Frank Kirchhoff | Molecular Physiology


Our research focuses on the molecular and cellular mechanisms of neuron-glia interaction in the central nervous system.


We are pursuing two main research questions:


  1. How do glial transmitter receptors sense and modulate synaptic transmission? What is the impact for living organisms?

  2. How do glial cells respond to acute injuries within the central nervous system?

For functional analysis we generated (and are still continuing to develop) transgenic mouse models with cell-type specific expression of various fluorescent proteins (FPs) and inducible gene deletion. We are applying a combination of biochemical and molecular biological methods together with imaging techniques such as two-photon laser-scanning microscopy (2P-LSM) or CCD imaging.





Transgenic mice with cell-type specific fluorescent

Well-known is our mouse line in which astrocytes of various brain regions express the green fluorescent protein EGFP under the control of the human astroglia-specific glial fibrillary acidic protein (GFAP) promoter TgN(GFAP-EGFP). During the last years we expanded the transgenic astroglia labelling using the blue (ECFP) and red (mRFP) fluorescent proteins. These transgenic lines were complemented with lines in which EYFP or HcRed are driven by the mouse Thy-1 mini-gene in neurones. Expression of DsRed in oligodendrocytes was achieved using a mouse proteolipid protein (PLP) mini-gene. Currently, we are evaluating photoswitchable fluorescent proteins or ion channels for their use in transgenic mice.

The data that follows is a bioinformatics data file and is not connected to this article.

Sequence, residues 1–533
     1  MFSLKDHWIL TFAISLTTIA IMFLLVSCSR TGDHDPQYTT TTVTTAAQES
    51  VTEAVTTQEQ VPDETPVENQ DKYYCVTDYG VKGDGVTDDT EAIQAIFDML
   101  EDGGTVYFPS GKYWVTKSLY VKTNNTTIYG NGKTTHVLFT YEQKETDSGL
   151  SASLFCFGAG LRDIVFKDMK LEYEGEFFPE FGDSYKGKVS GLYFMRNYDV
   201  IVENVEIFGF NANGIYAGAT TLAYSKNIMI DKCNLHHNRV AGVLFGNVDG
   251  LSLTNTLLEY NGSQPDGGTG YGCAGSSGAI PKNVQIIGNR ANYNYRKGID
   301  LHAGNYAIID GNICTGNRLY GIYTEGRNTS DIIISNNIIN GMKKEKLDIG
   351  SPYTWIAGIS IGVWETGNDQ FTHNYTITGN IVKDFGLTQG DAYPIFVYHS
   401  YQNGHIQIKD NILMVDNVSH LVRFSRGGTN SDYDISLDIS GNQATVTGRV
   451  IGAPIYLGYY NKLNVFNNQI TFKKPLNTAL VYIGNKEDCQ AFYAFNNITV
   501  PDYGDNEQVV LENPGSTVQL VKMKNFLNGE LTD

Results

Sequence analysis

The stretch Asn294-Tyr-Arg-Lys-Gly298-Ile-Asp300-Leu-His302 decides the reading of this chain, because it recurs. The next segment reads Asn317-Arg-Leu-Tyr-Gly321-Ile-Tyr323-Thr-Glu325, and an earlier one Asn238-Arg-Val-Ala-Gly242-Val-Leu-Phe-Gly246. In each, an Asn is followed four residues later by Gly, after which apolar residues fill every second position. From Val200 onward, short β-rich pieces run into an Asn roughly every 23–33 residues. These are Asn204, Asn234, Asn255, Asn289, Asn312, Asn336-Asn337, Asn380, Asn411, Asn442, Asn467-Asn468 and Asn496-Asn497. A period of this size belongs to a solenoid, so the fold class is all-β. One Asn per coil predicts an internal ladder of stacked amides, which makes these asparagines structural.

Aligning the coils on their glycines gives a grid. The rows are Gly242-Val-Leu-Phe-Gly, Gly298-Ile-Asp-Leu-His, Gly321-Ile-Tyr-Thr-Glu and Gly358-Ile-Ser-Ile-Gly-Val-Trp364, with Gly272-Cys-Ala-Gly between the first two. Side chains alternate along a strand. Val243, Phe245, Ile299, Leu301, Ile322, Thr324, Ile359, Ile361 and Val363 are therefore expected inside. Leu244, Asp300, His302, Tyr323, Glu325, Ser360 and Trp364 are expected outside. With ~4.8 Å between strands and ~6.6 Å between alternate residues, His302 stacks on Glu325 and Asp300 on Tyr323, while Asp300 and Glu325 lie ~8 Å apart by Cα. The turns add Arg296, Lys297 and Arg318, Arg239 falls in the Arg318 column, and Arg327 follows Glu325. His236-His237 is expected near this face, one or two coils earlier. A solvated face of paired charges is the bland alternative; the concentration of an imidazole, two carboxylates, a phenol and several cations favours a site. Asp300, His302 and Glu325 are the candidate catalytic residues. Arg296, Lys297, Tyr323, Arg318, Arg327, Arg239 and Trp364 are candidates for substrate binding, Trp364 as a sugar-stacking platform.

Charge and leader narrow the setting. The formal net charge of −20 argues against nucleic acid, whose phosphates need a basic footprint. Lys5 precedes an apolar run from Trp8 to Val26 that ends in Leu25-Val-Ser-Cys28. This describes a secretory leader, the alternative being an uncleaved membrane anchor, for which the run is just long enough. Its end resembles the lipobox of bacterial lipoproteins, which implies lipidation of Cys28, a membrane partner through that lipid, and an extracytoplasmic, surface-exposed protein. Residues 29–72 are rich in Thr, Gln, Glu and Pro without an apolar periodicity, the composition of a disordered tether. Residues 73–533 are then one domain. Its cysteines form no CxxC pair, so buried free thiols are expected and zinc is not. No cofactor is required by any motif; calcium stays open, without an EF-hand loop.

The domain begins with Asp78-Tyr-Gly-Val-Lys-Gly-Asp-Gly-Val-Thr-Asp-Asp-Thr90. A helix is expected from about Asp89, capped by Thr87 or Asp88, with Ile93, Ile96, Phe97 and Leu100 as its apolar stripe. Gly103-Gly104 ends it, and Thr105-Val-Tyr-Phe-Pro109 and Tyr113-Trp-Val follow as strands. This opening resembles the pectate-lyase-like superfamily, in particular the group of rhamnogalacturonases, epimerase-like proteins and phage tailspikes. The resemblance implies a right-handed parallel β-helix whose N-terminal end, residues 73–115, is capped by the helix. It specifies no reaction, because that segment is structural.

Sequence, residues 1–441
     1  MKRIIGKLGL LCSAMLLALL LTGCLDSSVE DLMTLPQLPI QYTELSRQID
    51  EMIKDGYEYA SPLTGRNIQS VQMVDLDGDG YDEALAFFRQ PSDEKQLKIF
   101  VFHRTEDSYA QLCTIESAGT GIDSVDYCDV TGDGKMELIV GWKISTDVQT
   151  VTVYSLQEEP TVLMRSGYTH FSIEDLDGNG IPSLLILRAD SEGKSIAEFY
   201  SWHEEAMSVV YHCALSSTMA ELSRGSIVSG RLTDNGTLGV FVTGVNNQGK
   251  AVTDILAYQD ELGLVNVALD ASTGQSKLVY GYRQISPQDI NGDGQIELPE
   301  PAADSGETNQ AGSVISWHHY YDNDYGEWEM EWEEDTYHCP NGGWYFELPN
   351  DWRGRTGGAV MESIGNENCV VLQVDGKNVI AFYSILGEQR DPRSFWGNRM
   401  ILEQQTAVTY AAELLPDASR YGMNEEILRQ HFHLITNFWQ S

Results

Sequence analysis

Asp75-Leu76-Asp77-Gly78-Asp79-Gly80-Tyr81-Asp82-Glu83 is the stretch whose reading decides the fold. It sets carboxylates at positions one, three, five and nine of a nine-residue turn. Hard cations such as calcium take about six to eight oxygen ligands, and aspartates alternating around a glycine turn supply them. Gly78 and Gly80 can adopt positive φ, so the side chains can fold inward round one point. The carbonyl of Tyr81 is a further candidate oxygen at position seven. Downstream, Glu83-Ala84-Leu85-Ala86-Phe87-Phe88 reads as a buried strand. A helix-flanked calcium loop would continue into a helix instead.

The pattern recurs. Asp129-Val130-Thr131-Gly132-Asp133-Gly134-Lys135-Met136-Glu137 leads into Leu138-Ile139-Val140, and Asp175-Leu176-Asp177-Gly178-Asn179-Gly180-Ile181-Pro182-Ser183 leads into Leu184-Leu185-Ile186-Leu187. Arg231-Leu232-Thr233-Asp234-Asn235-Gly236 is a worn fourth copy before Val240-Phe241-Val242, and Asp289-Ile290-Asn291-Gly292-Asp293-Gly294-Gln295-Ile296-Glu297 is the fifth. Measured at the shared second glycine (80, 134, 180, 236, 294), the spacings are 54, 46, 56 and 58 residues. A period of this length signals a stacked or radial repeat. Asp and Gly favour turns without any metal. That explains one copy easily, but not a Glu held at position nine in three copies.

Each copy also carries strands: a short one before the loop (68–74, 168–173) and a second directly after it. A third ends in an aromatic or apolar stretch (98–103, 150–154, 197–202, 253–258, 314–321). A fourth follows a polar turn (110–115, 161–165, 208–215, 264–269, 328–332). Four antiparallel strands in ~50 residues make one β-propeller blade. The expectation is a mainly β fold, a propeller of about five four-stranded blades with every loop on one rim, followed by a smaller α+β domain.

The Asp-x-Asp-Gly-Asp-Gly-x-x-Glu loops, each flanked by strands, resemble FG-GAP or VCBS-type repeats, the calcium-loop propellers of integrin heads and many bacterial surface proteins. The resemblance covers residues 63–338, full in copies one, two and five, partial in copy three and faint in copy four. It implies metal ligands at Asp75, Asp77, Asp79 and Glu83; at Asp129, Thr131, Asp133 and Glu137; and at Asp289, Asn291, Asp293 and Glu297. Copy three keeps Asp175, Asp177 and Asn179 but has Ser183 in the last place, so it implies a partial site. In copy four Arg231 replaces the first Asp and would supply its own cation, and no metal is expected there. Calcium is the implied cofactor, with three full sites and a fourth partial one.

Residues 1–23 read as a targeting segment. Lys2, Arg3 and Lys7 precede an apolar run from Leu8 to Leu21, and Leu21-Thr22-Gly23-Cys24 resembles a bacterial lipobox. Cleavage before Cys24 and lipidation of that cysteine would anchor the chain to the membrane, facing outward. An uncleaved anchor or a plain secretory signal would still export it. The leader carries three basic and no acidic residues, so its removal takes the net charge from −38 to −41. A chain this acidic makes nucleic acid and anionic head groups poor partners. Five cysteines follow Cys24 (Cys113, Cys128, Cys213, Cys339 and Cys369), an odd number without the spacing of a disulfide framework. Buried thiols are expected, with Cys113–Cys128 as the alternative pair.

Role of astroglial transmitter receptors for brain function

Recently, we generated the transgenic mouse line TgN(GFAP-CreERT2) in which the tamoxifen-sensitive Cre recombinase CreERT2 is expressed in astrocytes to take advantage of the Cre/loxP system. Currently, we are studying crosses of TgN(GFAP-CreERT2) mice with such in which transmitter receptor genes are flanked by loxP sites. We are currently analyzing whether induced astroglial receptor deletion results in ultrastructural changes, modulation of neurotransmission and behavioural abnormalities.


Glial responses during acute injuries of the central nervous system

An intrinsic property of all glial cell types (astrocytes, oligodendrocytes and microglia) is their strong activation during brain damage. We take advantage of our transgenic mouse lines and use them as reporters in brain pathology by applying in vivo 2P-LSM. Currently, we are focussing at acute lesions within the spinal cord. In particular, we ask: What are the distinct contributions of glial cells and their progenitors in brain damage? Is glia activation by acute CNS trauma accompanied by progenitor/stem cell activation? What is the fate of activated glia after scar formation and healing? Are there differences of glial responses in lesions during different phases of neuroinflammation?


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